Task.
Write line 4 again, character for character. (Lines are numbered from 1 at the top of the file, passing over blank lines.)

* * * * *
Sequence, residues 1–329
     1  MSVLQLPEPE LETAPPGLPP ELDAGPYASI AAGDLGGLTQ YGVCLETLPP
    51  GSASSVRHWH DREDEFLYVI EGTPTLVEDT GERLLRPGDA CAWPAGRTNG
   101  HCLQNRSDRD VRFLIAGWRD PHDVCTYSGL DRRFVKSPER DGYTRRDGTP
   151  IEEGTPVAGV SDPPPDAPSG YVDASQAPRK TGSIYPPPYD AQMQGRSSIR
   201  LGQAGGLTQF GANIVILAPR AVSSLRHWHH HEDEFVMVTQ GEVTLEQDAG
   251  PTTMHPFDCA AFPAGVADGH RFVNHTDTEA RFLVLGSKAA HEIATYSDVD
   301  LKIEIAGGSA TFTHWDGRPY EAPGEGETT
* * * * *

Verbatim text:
   101  HCLQNRSDRD VRFLIAGWRD PHDVCTYSGL DRRFVKSPER DGYTRRDGTP